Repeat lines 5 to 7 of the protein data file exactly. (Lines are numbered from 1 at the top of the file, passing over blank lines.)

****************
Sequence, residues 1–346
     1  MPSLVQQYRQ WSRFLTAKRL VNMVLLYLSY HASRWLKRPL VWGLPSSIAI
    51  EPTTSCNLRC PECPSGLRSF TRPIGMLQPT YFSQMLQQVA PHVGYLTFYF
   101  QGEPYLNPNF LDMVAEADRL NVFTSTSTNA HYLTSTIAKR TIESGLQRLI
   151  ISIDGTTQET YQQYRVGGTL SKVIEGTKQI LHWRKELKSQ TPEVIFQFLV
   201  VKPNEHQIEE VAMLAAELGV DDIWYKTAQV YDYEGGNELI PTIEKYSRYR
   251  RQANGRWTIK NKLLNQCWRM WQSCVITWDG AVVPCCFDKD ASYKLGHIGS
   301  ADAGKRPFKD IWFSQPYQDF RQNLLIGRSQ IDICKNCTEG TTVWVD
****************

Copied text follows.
   151  ISIDGTTQET YQQYRVGGTL SKVIEGTKQI LHWRKELKSQ TPEVIFQFLV
   201  VKPNEHQIEE VAMLAAELGV DDIWYKTAQV YDYEGGNELI PTIEKYSRYR
   251  RQANGRWTIK NKLLNQCWRM WQSCVITWDG AVVPCCFDKD ASYKLGHIGS